Storytelling skills also don't always make it through the unconscious paths. Think of how many professionally told stories typical college-aged students hear by the time they write their own; but Intro to Creative Writing students often write like they have no concept of drama, setting, narrative, dialogue and theme. Some adults in writing workshops will produce stories that make me want to ask questions like, "Have you ever listened to another human being speak?" or "Did it occur to you that a story is more than a long, static description?"
So, the unconscious influences do filter through--for some writers they dominate--but most writers need more conscious effort for their writing to improve. This applies to all writers, by the way, not just the ones who haven't crossed the invisible (and seemingly arbitrary) publishing line.
On the conscious side, a frequently recommended advice to writers is to read. Of course, most writers started off as readers. During my public school years, I was reading more than a novel a week. That early reading contributes to part of the unconscious process in becoming a better writer, but reading can also deliberately improve writing if the writer goes to the text to look for what the text is doing. One way to become a better writer is to study other writers' work. How do they shape sentences? What makes effective paragraphs? What techniques create moving scenes? Etc. Read. Read. Read. With your mind wide open.
I like watching movies and television with my story-teller psyche turned on, particularly when I rewatch a story. I not only learn by noting story-telling techniques in the production itself, but I've gleaned quite a bit by watching with the director's comments turned on. Film tells stories in powerful ways; I'd be cutting myself off from an important resource if I didn't recognize that.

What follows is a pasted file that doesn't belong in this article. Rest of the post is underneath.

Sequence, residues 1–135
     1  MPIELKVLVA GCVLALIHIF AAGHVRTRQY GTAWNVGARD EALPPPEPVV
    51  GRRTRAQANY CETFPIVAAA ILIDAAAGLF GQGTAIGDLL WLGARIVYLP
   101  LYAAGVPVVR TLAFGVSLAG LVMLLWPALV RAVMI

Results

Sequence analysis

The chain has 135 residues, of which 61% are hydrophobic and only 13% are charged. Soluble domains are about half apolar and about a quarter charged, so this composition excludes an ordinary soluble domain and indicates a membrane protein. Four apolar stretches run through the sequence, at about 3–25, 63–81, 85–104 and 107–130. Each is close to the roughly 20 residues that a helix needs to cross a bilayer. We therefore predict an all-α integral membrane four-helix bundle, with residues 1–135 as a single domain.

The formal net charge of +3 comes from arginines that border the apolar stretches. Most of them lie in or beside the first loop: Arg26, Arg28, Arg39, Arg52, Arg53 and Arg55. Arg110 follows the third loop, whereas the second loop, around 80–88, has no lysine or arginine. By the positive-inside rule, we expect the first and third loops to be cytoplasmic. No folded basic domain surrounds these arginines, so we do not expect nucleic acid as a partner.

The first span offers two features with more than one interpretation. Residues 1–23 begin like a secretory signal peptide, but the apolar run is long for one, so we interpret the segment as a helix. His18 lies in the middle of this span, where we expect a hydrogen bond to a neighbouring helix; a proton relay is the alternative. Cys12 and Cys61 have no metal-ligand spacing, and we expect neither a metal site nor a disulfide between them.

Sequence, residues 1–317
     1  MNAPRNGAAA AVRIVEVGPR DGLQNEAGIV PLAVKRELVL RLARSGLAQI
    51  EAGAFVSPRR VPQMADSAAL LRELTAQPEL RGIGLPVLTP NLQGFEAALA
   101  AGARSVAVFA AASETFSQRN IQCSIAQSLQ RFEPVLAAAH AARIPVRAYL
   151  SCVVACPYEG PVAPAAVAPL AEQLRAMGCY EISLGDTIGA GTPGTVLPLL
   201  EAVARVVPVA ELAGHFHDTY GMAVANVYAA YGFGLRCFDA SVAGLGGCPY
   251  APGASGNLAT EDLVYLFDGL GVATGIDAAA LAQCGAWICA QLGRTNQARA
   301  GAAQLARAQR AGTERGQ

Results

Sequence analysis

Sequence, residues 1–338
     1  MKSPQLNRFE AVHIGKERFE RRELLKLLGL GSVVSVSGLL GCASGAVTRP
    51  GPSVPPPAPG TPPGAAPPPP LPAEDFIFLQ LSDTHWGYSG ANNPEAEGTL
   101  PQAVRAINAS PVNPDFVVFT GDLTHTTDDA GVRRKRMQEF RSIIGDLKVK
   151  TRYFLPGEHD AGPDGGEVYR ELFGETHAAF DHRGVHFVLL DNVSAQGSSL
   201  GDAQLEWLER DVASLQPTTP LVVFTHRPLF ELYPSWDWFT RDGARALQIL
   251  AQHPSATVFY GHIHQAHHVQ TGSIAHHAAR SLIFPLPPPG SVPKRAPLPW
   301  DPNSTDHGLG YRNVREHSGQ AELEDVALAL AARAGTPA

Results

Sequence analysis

Taking classes or attending workshops provide another path to improvement. A good class can point out features of powerful writing that the students might never notice on their own. A class might assign exercises that can teach students new techniques. I like writing exercises, by the way. A really good book for writers on their own is Anne Bernay's and Paula Painter's What If: Writing Exercises for Fiction Writers.
And, of course, a teacher provides considered feedback to the students' work. For the truly determined writer who has money/time, a workshop like Clarion can do wonders (remember that many many successful writers never attended Clarion or workshops of any kind--numerous roads lead to the city of better writing).